This week U.S. Secretary of State Condoleezza Rice and Defense Secretary Robert Gates visited Moscow, but their arrival was not accompanied by any breakthroughs on U.S.-Russian differences on missile defense, arms control, and Kosovar independence. Still, both sides reported “good progress.” Foreign Minister Sergei Lavrov called new U.S. proposals on missile defense (MD) “important and helpful,” adding that they alleviate Russian concerns about the deployment of an MD radar in the Czech Republic and ten MD interceptors in Poland, “although Washington is still intent on going ahead with the deployment.” President Vladimir Putin announced that he had received a letter from U.S. President George W. Bush, calling it “A serious document that we have carefully analyzed. If we manage to agree on its main provisions, we will be able to say that our dialogue is progressing successfully” (RIA-Novosti, March 17, 18).
Rice and Gates last visited Moscow in October within the framework of the “2+2 talks” with their Russia counterparts, Lavrov and Defense Minister Anatoly Serdyukov. That encounter ended in acrimony, when Putin issued a series of ultimatums and threatened reprisals if Washington would not abandon its MD plans (see EDM, October 18, 2007). Now in the absence of any concrete progress on MD, Kosova, or anything, both sides publicly played ball. While Rice and Gates met with Russian opposition figures, the most well-known and outspoken critics of the Kremlin, including former prime minister Mikhail Kasyanov and former world chess champion Garry Kasparov, were not invited (Interfax, March 18).
In essence, the U.S. compromise proposals on MD do not seem to have changed much since last October. Gates stressed once again that the U.S. MD plan is aimed not at Russia, but Iran. Aboard his jet en route to Moscow Gates told reporters that the Bush administration was willing to guarantee that neither the radar proposed for the Czech Republic nor the ten missile interceptors proposed for Poland would be turned on until Iran had developed a long-range missile. “We were prepared not to operationalize the sites until we had had flight testing from Iran that showed a capability to threaten Europe,” said Gates (U.S. Department of State, March 17). Russian officers will be allowed to inspect the MD sites, if the Czechs and Poles agree. In exchange, Moscow seems to have abandoned its key demand that MD deployment in Poland and the Czech Republic be postponed indefinitely.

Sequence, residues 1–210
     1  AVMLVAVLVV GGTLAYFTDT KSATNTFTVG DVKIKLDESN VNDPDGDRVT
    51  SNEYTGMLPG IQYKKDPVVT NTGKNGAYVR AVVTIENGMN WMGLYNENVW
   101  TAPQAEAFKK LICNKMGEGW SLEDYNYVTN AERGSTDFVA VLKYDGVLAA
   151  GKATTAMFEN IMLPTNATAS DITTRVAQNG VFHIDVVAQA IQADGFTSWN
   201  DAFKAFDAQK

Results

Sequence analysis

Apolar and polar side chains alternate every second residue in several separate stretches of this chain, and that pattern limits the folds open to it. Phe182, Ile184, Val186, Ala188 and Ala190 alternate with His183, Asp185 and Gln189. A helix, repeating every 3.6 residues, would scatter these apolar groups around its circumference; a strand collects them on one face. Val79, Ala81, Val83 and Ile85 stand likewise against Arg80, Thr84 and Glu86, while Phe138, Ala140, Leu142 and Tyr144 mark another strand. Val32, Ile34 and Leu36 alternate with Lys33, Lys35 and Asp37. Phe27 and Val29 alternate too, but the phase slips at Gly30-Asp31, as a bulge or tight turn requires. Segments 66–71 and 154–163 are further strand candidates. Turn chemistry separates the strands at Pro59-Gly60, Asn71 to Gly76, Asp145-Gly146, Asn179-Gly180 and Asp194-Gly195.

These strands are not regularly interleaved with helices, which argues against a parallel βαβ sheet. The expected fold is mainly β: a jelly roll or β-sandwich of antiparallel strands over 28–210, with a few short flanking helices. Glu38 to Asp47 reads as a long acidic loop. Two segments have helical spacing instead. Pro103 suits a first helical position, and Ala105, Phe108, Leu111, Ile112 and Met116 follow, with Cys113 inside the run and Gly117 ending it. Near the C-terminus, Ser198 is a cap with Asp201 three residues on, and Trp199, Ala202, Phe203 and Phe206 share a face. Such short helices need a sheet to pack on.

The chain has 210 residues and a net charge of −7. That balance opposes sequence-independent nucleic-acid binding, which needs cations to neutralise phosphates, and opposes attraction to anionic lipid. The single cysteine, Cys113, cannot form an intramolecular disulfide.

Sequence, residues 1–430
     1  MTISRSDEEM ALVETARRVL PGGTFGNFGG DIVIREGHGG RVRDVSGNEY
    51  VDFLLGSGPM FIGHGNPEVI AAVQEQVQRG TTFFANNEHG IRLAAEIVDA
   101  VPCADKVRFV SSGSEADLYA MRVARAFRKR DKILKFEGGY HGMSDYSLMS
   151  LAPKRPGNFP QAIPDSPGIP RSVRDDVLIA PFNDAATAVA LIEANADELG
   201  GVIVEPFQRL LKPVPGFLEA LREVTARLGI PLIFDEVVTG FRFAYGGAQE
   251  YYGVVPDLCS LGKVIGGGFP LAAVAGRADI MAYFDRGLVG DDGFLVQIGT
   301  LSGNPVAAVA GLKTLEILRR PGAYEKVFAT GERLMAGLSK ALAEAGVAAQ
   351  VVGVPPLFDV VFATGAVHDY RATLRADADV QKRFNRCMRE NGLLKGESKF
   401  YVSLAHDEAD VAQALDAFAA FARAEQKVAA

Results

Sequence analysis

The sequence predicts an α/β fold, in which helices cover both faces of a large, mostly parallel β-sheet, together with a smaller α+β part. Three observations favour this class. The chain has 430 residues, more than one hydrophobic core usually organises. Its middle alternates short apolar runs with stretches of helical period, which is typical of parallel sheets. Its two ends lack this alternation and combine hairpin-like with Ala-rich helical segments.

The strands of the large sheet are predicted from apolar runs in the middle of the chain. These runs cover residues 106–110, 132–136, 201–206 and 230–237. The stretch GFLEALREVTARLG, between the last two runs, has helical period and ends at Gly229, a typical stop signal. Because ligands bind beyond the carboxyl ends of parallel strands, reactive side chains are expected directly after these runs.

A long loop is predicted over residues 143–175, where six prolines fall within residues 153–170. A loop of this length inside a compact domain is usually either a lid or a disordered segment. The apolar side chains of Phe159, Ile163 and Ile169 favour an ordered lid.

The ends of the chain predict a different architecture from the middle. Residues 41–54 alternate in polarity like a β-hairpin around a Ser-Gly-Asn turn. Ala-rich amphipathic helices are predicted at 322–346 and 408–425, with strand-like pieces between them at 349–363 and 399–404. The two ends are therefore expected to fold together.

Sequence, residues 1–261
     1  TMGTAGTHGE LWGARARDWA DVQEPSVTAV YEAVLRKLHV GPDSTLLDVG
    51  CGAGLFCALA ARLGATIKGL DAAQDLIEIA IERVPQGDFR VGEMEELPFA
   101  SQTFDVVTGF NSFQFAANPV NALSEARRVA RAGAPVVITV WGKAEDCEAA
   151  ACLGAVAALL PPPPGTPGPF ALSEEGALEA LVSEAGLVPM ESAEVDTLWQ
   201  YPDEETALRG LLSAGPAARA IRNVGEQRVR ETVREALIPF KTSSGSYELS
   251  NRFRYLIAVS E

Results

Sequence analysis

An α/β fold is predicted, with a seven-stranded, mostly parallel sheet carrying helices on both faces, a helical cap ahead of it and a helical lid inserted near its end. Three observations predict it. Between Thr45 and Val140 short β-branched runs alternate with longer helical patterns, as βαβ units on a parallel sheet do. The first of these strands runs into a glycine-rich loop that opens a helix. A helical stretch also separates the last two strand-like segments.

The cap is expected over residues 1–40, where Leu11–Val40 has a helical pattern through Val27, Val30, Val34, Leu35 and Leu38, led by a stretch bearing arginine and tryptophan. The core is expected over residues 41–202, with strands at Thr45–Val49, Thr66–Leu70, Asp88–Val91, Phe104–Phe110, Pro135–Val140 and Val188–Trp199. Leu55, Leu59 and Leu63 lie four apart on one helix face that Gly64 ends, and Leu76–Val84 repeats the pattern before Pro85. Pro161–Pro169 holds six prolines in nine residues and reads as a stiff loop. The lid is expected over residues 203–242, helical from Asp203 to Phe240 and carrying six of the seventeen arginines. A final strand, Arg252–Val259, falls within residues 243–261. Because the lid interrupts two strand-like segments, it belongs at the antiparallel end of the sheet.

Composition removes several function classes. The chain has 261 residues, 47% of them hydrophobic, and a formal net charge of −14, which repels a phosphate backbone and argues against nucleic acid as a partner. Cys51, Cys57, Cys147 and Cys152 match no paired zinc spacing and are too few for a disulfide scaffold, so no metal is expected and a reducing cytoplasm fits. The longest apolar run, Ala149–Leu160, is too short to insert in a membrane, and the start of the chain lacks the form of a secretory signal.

For the last year the MD issue was clearly the most contentious in U.S.-Russian relations. Washington’s attempts to explain that the MD deployment is not aimed at Russia were ignored. Now suddenly a compromise seems to be in reach. This sudden change of heart may indicate a serious change in Russian foreign policy priorities.
The Polish and Czech governments have more or less agreed to allow the U.S. MD deployment to go ahead, so the uncompromising stance by Moscow seemed impotent. Moscow’s position was further weakened last month when Iran tested a missile capable of launching a satellite into space and announced it was building a space launch center. The Russia Foreign Ministry expressed its concern and specifically scolded Iran for “attempting to create a ballistic missile with a range of over 4,000 kilometers” (RIA-Novosti, February 6). Moscow had argued before that the Iranian missile threat was an illusion. The MD system in Poland and the Czech Republic is planned to be operational after 2012. If by then the Iranians have already tested a long-range missile, the exact protocol of how to “operationalize” the U.S. MD bases would be irrelevant.
During a recent visit by German Chancellor Angela Merkel, Putin publicly lambasted NATO plans to admit Georgia and Ukraine, while the U.S. MD issue was not mentioned (see EDM, March 13). Moscow is clearly irked by the possibility that next month, during the NATO summit in Bucharest, Romania, Georgia and Ukraine may be invited to begin work on joining the Alliance. Under these circumstances, NATO expansion has surely eclipsed the deceptive MD issue. A radar in the Czech Republic and ten interceptors in Poland could not possibly threaten Russia or undermine its strategic nuclear deterrent in any way. It is now clear that the entire MD issue was a Kremlin propaganda ploy to mobilize anti-Western public opinion inside Russia during the presidential and Duma elections. With those over, the issue has been abandoned without remorse.
NATO expansion is a genuine, not imaginary, threat. It will end forever Kremlin dreams to dominate the post-Soviet space to rebuild a new Russian empire. Russian authorities have been deadly specific about their response. The Russian Duma has threatened to begin recognition of the breakaway Georgian provinces, Abkhazia and South Ossetia, if Georgia joins NATO. Putin has publicly threatened to aim nuclear missiles at Ukraine if it joins the Alliance. He has also threatened to weaken the NATO security operation in Afghanistan if the Alliance insists on expanding (see EDM, March 13).
During the present transition period in Russia with President-elect Dmitry Medvedev being installed and Putin transforming into a powerful prime minister, the Kremlin does not want needless conflicts with the West on MD or other irrelevant arms-control issues. Lavrov offered to work with NATO on joint MD and to “conclude soon” talks with the Alliance on the transit of military supplies by rail through Russia and Central Asia into Afghanistan (RIA-Novosti, March 18). But Lavrov did not hint what the end result of transit talks could be. NATO’s April summit, which Putin plans to attend, may be decisive.